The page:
If you are an LGBTQ+ immigrant and have been a victim of abuse from your U.S. spouse. It is important to understand that you can get the help you need by seeking asylum and/or self-petitioning for VAWA.
If you are a victim of domestic abuse, please know that you are not alone. Our immigration law firm is here for you, can answer any of your questions, and is able to assist you in helping you apply for VAWA.
Understanding what is VAWA and how it can protect LGBTQ+ victims of domestic violence
VAWA offers protections and allows victims of domestic violence or spousal abuse to “self-petition” to obtain a green card without the cooperation of the U.S. citizen or permanent resident relative who is abusing them.
Immigrant women, men, children, parents, and anyone who is part of the LGBTQ+ community and who is being abused by their relatives can receive protection under VAWA.
What is the definition of abuse?
Recent studies show high domestic abuse rates in LGBTQ+ relationships. Abuse is not only physical. Abuse can happen to victims in many different ways. Emotional, sexual, and psychological actions that make their spouses feel threatened, afraid, intimidated, or manipulated are all forms of abuse.
According to ncadv.org (National Coalition Against Domestic Violence), these are the recent stats in the LGBTQ community;
43.8% of lesbian women and 61.1% of bisexual women have experienced rape, physical violence, and/or stalking by an intimate partner at some point in their lifetime, as opposed to 35% of heterosexual women.
26% of gay men and 37.3% of bisexual men have experienced rape, physical violence, and/or stalking by an intimate partner in their lifetime, in comparison to 29% of heterosexual men.
Black and African American members of the LGBTQ+ community are more likely to experience physical violence.
In a study of male same-sex relationships, only 26% of men called the police for assistance after experiencing near-lethal violence.
In 2012, fewer than 5% of LGBTQ+ survivors of intimate partner violence sought orders of protection.
Since the pandemic, sadly we have seen a rise in these numbers in domestic abuse cases.
Learn more here: Domestic Violence in the LGBTQ+ Communities
How can victims of abuse in the LGBTQ+ communities get help?
Victims of abuse in the LGBTQ+ communities are less likely to get help because they have a general feeling that;
No one will believe them
They don’t want to be judged or discriminated
They have a fear of being outed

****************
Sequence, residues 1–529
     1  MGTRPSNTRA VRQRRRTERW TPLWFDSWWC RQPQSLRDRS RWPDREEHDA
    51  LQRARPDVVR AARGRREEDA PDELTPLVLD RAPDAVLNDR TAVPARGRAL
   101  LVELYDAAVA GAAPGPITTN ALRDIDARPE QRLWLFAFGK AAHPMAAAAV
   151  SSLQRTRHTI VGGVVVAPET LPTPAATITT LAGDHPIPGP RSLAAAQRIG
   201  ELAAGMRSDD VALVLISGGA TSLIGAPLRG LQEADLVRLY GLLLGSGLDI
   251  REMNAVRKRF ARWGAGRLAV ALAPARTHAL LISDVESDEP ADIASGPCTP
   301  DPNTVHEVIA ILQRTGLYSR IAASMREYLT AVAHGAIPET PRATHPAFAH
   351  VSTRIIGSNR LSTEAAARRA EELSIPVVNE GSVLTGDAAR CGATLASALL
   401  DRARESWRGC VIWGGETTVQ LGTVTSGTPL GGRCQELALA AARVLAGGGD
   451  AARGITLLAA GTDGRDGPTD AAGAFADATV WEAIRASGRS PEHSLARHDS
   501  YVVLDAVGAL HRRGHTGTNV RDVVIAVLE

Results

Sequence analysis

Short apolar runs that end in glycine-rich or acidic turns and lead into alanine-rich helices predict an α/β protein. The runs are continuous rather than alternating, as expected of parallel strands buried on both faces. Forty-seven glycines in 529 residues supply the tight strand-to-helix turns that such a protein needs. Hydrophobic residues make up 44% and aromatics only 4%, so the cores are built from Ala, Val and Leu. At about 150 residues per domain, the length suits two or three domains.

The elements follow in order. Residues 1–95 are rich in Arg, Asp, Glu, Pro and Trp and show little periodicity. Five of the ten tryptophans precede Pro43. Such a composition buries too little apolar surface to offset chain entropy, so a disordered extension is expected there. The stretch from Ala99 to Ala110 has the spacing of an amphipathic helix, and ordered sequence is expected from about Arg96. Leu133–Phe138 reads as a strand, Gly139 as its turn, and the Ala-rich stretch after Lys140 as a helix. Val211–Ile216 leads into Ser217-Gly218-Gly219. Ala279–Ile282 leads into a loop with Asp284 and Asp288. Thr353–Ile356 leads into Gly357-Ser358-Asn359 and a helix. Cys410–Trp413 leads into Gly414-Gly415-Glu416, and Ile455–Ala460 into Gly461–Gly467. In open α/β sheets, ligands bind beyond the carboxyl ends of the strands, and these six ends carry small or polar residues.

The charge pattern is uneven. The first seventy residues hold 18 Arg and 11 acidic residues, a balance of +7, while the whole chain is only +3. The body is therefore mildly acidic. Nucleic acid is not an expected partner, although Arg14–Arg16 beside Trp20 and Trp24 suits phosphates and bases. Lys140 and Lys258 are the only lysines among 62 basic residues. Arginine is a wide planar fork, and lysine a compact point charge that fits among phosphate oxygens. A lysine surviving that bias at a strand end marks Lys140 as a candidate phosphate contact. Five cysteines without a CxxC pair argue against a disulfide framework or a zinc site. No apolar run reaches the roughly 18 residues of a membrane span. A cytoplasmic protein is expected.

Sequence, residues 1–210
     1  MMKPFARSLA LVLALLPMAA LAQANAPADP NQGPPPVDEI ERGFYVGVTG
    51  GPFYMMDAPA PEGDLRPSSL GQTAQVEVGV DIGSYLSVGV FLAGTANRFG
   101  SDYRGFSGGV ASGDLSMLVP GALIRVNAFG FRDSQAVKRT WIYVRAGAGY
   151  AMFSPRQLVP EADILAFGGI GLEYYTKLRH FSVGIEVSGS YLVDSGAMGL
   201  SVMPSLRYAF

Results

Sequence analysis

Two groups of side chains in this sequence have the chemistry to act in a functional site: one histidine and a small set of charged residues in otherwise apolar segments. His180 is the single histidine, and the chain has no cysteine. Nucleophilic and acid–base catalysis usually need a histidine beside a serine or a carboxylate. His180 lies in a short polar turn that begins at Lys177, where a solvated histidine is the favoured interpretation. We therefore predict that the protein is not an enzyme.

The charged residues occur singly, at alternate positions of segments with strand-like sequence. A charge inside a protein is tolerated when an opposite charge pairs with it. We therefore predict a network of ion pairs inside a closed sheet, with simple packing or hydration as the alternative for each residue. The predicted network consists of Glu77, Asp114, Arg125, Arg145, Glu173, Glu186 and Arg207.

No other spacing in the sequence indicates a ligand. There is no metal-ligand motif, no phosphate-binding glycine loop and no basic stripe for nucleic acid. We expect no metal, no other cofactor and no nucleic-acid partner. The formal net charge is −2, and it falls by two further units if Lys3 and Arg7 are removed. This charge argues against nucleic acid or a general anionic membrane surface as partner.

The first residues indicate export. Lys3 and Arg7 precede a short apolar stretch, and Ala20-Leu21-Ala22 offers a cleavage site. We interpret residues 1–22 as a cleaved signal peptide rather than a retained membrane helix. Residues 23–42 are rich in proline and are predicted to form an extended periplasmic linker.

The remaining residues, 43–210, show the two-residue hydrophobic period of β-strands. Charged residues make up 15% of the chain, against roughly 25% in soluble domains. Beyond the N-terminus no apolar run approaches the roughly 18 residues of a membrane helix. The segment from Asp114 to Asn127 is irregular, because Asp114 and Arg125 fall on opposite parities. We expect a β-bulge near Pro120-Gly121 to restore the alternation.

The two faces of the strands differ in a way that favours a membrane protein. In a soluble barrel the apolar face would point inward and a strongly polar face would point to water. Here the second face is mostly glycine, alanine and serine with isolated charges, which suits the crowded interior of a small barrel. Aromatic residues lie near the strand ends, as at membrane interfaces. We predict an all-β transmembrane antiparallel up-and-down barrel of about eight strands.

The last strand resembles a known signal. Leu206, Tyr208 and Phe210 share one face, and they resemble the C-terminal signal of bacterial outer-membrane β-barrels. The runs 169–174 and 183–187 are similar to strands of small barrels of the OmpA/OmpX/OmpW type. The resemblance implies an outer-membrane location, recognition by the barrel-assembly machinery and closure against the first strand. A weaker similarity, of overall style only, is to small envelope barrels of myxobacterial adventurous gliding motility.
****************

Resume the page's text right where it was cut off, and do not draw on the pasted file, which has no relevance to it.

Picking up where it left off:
They feel like the abuse from their partner in some way is their fault and no one else will want to be with them
However, it is important that there are resources out there that are available to victims of abuse in the LGBTQ+ communities. Our immigration law firm is here to help victims of domestic abuse in the LGBTQ+ communities. We work with the survivors of domestic abuse to obtain permanent residency without the abusers’ knowledge. We can provide support by;
Guidance as we put together your VAWA case and self-petitioning for VAWA
Helping with gathering your evidence and writing your Personal Declaration Letter
Assurance that you can file for VAWA without the abusers’ knowledge
Supporting you throughout your case and answering all your questions
Connecting you with resources so that you can get the help you need
Assisting you in finding a place where you can feel safe again
Feel free to read these additional resources that will walk you through
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VAWA for the LGBTQ+ Community
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If you are an intending immigrant and have been a victim of domestic abuse or if you have questions about the immigration process please contact the Odunlami Law Firm at 973-993-1900 or email us at firstname.lastname@example.org.
We can help you will your immigration needs.
If you wish to immigrate or want to help bring a family member to the United States, the Odunlami Law Firm can help. If you are facing deportation or removal for any reason, you need our help. You may contact the law office for more information or to schedule an appointment.
Areas of Immigration Law:
Naturalization (Citizenship) Application
Immigrant Relative Petitions
Fiancé Visa Applications
Adjustment of Status and Consular Processing
Criminal Consequences and Deportation Defense
Violence Against Women Act (VAWA) Application
Special Immigrant Juvenile Status
Green Card Renewals
Temporary Work Visas
Temporary Protected Status
Deferred Action for Childhood Arrivals